Thursday 29 March 2012

"Counting to Ten"

Do you ever get so mad that all you want to do is yell or throw something? Ever feel like you can't possibly fight back tears for a second longer? We all have those days sometimes, right? Some of us are pretty good about letting "it" go. Some of us like to hold on, ruminate, and just generally feel lousy longer.

I have days when not much really bothers me. Then I have those days when every little thing is about to send me over the edge of some emotional roller coaster. Those are the days when I have a difficult time clearing my head of what "it" is - an interaction with a friend or colleague that went awry or a mistake made. It's a super fun cycle, actually. First the "it" happens, then you ruminate, then you start to feel the physical effects of the negative thoughts (butterflies in the tummy, tension in your neck, shoulders and head), and then trouble sleeping because you can't clear your mind.

Emotions are a funny thing - all in your head, right? Well, yes. In your brain actually. Ever heard of the cingulate system? No, me neither. Turns out it's kind of a big deal.

Here's a description of the cingulate system from Change Your Brain, Change Your Life by Daniel G Amen M.D., "The cingulate system is the part of the brain that allows you to shift your attention from one thing to another, to move from idea to idea, to see the options in life. In my experience, the term that best relates to this part of the brain is cognitive flexibility."

This part of the brain allows us to do some very cool things like planning, goal setting, and adapting to change. However, there is always a flip side. When the cingulate system is abnormal "we have a tendency to get stuck on things, locked into things, and to rethink the same thought over and over." Ever obsess on the same thought or find yourself on a negative path? You can thank your cingulate system for that.

The good news is that like many wellness issues we have the opportunity to turn things around and break those thought patterns that are causing us harm. Here are some of my favourite suggestions from Dr Amen:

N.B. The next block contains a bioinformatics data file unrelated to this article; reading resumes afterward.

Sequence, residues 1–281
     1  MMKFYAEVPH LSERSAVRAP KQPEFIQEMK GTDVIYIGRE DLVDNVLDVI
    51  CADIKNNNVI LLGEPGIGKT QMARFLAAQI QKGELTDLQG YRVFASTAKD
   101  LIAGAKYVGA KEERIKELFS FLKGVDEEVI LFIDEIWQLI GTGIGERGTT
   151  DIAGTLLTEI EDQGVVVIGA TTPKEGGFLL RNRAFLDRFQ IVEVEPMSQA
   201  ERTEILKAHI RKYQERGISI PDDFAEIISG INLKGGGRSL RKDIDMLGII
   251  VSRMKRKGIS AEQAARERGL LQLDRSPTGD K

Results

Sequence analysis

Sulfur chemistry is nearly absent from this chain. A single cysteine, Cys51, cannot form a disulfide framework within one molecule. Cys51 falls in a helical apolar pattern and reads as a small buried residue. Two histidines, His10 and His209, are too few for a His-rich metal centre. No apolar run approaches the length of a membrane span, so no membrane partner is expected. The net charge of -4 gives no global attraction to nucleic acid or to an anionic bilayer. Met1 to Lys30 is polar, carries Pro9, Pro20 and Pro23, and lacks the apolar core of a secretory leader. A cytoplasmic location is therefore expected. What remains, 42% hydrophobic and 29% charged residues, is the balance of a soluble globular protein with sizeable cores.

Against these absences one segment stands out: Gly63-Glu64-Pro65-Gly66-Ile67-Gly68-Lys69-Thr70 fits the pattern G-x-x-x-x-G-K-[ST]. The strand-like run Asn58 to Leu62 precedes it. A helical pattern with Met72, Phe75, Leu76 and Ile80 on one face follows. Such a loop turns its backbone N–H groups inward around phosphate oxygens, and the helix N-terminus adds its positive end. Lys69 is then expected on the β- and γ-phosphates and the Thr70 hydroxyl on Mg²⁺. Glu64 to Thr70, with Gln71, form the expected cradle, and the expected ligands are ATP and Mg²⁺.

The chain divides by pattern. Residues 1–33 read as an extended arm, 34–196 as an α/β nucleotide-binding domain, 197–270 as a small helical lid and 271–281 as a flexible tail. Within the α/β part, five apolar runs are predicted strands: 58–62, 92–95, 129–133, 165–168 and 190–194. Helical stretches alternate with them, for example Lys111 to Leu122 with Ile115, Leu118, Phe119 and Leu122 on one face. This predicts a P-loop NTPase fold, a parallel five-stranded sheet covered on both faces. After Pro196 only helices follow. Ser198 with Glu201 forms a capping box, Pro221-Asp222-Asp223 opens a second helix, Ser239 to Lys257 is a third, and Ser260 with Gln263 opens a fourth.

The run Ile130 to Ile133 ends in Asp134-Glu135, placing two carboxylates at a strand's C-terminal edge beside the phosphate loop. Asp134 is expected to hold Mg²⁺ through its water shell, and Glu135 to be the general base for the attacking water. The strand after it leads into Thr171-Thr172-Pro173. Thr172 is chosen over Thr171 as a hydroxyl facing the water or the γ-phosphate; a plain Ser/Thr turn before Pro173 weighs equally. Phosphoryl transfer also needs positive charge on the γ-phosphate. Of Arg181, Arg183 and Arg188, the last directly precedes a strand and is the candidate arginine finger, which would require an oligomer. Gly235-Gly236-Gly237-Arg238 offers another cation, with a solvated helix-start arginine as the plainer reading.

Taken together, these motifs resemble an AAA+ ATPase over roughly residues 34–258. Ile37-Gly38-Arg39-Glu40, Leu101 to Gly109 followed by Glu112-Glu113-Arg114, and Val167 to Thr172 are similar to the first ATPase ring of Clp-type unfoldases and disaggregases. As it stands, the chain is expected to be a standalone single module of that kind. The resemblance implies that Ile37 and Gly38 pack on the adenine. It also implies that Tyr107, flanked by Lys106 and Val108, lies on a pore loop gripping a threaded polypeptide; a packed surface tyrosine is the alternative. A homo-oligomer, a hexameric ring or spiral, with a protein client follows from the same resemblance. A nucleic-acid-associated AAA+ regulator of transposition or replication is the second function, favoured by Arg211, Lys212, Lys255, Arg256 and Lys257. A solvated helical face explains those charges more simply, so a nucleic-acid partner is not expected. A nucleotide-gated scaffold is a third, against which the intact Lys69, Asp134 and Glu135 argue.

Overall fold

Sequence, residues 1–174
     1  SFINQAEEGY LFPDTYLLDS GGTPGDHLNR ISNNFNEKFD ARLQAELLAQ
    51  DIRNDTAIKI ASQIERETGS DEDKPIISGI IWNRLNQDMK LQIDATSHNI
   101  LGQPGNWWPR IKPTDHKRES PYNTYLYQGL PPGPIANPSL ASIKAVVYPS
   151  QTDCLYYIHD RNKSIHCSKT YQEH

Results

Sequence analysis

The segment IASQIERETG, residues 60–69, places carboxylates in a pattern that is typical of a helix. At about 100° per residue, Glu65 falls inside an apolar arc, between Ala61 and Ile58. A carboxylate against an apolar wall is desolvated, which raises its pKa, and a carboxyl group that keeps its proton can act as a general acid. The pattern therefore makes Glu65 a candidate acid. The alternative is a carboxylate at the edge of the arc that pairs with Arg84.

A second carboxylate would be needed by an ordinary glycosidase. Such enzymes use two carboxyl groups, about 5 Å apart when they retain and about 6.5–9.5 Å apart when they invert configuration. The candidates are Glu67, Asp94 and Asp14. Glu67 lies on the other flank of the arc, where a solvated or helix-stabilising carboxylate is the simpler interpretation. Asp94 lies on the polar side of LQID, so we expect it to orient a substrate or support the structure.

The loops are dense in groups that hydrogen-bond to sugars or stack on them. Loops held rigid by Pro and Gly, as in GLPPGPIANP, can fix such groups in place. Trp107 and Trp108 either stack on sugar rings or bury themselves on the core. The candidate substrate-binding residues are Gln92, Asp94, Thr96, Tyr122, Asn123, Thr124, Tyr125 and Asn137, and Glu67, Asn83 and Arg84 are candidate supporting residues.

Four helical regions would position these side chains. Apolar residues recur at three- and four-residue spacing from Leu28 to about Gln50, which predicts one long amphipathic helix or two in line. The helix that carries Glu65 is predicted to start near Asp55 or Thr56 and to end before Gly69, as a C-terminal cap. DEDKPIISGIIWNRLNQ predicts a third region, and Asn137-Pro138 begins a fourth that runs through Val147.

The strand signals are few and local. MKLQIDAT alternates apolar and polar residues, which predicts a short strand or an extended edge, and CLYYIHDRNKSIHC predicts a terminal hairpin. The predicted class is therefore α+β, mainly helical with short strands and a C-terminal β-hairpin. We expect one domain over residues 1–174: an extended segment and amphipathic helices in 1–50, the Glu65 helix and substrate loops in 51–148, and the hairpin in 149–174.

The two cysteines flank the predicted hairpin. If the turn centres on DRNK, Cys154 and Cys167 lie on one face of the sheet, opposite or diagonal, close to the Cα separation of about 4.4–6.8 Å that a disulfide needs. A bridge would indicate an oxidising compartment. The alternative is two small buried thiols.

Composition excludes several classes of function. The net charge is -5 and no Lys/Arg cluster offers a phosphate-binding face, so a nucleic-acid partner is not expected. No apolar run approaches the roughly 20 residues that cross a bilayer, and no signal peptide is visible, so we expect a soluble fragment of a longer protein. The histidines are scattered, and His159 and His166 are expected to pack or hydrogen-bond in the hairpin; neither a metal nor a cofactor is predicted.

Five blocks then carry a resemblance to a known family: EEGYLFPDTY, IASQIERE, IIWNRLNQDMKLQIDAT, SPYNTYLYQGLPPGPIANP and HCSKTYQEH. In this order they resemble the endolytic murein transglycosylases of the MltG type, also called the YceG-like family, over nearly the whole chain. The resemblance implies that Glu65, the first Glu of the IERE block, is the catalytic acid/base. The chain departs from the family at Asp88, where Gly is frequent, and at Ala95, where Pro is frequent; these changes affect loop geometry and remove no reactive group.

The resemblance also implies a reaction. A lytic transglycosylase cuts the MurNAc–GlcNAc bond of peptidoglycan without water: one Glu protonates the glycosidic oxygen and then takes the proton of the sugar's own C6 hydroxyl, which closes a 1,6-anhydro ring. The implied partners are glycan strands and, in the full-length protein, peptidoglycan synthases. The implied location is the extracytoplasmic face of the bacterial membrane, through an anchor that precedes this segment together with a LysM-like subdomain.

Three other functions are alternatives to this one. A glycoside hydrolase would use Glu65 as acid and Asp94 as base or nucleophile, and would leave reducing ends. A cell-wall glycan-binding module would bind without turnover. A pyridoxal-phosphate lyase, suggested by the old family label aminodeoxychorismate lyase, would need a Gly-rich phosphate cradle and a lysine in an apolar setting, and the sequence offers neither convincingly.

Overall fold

Notice When You Are Stuck: Distract yourself and then come back to the problem later. Some great ways to distract yourself are going for a walk, listening to relaxing or uplifting music, meditating, or singing a song (OK, maybe don't do that in your cubicle at work).
* Write Out Options & Solutions: Seeing a thought on paper can make it easier to deal with in a rational way. After you write down the thought that's "stuck", write down a list of possible solutions.
* Seek The Counsel of Others: Do you have a trusted friend or mentor? Often it helps to talk about something that you can't let go of and talking it through can open up new options.
* Cingulate System Nutrition: Good news for carb lovers: foods high in carbohydrates (pasta, potatoes, bread, pretzels, and popcorn) increase L-tryptophan levels in the blood, resulting in more L-tryptophan being available to enter the brain, where it is converted to serotonin. Per Dr.Amen, many people on low carb diets often trigger cognitive inflexibility or mood problems. So go ahead and indulge in that plate of mashed potatoes - it's good for your cingulate system!
* Exercise: OK, let's be real - exercise isn't really one of my favourite things but there is no denying that it works. If I have had a rough day at work, I almost always feel better if I make the 25 minute trip home by foot.

Here's my favourite idea of all. We all know the Serenity Prayer, right? "God, grant me the serenity to accept the things I cannot change,..." It's a comforting reminder that we have limits in life, that we need to respect those limits, and that we are all just human. But reciting it also takes us away from whatever we are stuck on. I like the idea of making room only for something positive in my head, pushing the negative thoughts out and away. But what if, instead of the Serenity Prayer or counting to ten, we took a moment for something silly? How about this from The Rules of Life by Richard Templar:

"I must go down to the sea again, to the lonely sea and the sky. I left my pants and socks there and I wonder if they are dry." ~ Spike Milligan

I feel better already.

KB xo

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